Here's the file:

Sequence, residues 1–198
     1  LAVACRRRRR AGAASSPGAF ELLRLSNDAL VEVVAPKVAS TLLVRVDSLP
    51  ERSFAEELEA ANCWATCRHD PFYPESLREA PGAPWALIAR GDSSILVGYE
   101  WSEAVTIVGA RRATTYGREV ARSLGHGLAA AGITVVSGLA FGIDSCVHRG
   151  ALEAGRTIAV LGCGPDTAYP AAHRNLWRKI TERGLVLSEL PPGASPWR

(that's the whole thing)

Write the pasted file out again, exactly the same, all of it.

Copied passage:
Sequence, residues 1–198
     1  LAVACRRRRR AGAASSPGAF ELLRLSNDAL VEVVAPKVAS TLLVRVDSLP
    51  ERSFAEELEA ANCWATCRHD PFYPESLREA PGAPWALIAR GDSSILVGYE
   101  WSEAVTIVGA RRATTYGREV ARSLGHGLAA AGITVVSGLA FGIDSCVHRG
   151  ALEAGRTIAV LGCGPDTAYP AAHRNLWRKI TERGLVLSEL PPGASPWR